May 20, 2019

Russian Grammar Wars


Russian Grammar Wars

In St. Petersburg, just like your (masculine gender) coffee, you can take your grammar to go.

Since 2011, advertisements with the headline “Let’s speak like Petersburgians” have become familiar to anyone riding the metro in Russia’s cultural capital. The campaign was started by linguist Ludmila Verbitskaya, president of St. Petersburg State University. Verbitskaya’s mission: to eradicate mispronunciations, incorrect verb conjugations, and other public health hazards. 

The campaign has become so iconic that it has become the butt of several parodies. One man thought the examples in the posters were too negative, and proposed replacing them with fun, uniquely Petersburg words like “эрмитажить” (“to Hermitage” – the famous Winter Palace and art museum in St. Petersburg), meaning to stand in a long line, and “рубинштейнить” (“to Rubenstein” – the name of the “main restaurant street of Russia”), meaning to hang out in trendy places. 

A kind-hearted parody from 2018 implores citizens to help one another under the heading “Let’s act like Petersburgians.” A less kind-hearted one ("Let's Get Injured Like Petersburgers") from this past winter criticizes local authorities’ snow removal efforts with phrases such as: “Incorrect: walk out into the entranceway [подъезд, the standard Russian word] of a comfortable European city. Correct: Don’t leave the room, because the entranceway [парадная, the Petersburg dialect word] is buried in snow.” 

Let's receive trauma like petersburgians campaign
The critical ad (left) next to the original grammar campaign (right). / Sergei Zvezda on TJournal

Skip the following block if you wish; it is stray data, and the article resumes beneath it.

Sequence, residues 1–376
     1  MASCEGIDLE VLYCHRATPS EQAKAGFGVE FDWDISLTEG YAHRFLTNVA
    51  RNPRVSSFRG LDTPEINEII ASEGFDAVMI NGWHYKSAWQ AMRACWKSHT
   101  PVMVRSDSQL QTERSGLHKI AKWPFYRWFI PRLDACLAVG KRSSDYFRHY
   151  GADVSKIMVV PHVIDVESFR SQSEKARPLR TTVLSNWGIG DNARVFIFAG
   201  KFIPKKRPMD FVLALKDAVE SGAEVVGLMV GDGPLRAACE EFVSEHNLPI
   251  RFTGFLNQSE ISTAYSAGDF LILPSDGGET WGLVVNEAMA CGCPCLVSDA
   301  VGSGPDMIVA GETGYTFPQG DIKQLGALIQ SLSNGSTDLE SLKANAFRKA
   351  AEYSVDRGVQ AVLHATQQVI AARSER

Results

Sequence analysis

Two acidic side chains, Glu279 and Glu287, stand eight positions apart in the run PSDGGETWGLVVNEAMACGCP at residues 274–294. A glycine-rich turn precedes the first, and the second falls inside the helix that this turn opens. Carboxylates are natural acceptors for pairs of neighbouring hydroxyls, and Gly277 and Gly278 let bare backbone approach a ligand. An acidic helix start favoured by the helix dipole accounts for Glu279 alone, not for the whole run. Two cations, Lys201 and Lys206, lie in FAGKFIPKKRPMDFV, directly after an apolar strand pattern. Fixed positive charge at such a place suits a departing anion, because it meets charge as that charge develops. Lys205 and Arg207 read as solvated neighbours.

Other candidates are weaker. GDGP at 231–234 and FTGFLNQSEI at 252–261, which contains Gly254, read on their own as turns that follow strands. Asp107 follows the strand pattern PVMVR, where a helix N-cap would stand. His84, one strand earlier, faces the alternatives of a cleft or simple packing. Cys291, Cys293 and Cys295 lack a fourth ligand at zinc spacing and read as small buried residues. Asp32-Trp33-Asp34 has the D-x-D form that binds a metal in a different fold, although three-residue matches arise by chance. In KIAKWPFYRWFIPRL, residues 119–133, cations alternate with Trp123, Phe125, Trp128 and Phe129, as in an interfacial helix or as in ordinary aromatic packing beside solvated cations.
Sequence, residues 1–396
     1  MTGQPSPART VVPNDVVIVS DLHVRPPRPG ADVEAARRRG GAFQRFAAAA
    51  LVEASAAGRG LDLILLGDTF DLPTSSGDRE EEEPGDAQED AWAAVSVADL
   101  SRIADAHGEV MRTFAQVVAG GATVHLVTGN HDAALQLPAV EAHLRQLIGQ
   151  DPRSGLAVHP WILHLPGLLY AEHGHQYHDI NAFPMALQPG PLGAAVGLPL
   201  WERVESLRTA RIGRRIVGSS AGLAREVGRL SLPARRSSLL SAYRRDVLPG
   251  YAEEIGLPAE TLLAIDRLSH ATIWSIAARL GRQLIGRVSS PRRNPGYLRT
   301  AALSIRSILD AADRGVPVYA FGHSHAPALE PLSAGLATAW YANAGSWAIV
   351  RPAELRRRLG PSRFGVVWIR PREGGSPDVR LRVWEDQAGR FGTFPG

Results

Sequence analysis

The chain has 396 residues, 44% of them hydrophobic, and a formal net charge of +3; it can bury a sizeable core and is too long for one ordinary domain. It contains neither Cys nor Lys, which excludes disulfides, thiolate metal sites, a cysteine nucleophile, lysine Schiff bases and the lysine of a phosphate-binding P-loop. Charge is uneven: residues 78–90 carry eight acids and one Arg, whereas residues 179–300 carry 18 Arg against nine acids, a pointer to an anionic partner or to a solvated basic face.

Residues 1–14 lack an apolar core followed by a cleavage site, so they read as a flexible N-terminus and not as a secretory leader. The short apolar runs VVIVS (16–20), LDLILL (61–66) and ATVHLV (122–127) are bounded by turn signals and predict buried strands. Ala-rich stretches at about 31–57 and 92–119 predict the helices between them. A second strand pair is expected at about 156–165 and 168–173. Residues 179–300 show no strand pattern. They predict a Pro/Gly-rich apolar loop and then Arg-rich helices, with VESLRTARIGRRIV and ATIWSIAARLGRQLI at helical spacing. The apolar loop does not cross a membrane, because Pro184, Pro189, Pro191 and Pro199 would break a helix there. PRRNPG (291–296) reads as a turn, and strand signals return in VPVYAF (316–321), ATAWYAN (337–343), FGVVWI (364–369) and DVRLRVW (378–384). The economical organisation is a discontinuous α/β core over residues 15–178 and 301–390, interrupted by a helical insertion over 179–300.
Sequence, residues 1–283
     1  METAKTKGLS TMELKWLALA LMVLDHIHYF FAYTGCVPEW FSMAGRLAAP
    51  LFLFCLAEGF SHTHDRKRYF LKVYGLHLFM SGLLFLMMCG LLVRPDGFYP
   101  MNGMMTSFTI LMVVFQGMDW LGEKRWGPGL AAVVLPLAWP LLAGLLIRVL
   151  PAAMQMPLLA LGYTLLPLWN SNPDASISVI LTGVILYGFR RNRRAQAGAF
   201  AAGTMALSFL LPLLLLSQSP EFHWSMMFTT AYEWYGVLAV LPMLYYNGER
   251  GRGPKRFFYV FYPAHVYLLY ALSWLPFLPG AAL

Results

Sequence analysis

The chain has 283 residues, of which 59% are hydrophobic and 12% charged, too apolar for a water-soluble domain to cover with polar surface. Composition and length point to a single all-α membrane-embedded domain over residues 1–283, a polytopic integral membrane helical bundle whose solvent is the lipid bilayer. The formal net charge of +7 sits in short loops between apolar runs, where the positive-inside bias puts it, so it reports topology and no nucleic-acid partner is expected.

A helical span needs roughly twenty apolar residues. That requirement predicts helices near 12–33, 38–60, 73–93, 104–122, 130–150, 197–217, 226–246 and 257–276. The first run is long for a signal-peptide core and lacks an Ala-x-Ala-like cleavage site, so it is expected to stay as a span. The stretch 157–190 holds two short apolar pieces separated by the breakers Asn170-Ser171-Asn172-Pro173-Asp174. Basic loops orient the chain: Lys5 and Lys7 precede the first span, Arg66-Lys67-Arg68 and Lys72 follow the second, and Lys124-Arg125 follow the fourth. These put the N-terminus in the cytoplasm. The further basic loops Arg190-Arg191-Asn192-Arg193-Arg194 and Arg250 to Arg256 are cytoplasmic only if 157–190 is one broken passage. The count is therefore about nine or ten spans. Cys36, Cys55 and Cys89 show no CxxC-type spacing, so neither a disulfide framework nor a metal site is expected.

So, why “like Petersburgians,” instead of “like Russians”? Because, according to Marina Shatilova (a Petersburg native going back several generations and self-described “grammar Nazi,” who holds a doctoral degree in teaching Russian as a foreign language and has been working in the field over 30 years), the city used to have a special relationship to language, but not anymore. An influx of migration to the city since the fall of the Soviet Union has led to more “provincial speech.” But back before all of that, residents of the cultural capital used to differentiate themselves from everyone else by taking particular care to speak correctly.

Shatilova mentions a particularly well-known example: the debate over whether кофе (coffee) is a masculine or neuter word. According to the rules of Russian grammar, when a word ends in “e,” it is neuter. However, the word used to have an additional letter at the end, “й,” which would make it masculine, and the gender has stuck, even though the spelling changed. She says that in St. Petersburg using coffee as if it were neuter was like “a stamp on your forehead.” Shatilova recalls how, when her mother saw it written as a neuter word on a sign for a cafeteria that she passed frequently, she “suffered” and almost submitted a formal complaint. But now, she adds, both forms have been normalized as officially correct – but it is still a matter of debate, which is better at least.

Wonder what all the fuss is about? Let’s get concrete. Here are ten contentious issues plaguing the Russian language, according to the “like Petersburgians” devotees.

  1. How to spell the word “email.” Everyone more or less agrees that officially you should use the Russian word “электронная почта” (electronic mail), or just use alternative phrases like “letter” or “message,” and just assume people will understand that you don’t mean those old fashioned things with stamps and envelopes. Yet if you want to render “email” in Cyrillic, however, there is no consensus. On the one hand, the Russian Orthographic Dictionary has fixed it as имейл. Some argue that эмейл is most logical, since the first letter, stands for “electronic,” which in Russian begins neither with и nor е but э. To add further confusion, Russia’s most popular search engine, Yandex, has just 35 million results for имейл, 138 million for эмейл, but 140 million for емейл, demonstrating that this spelling likely wins the popular use contest.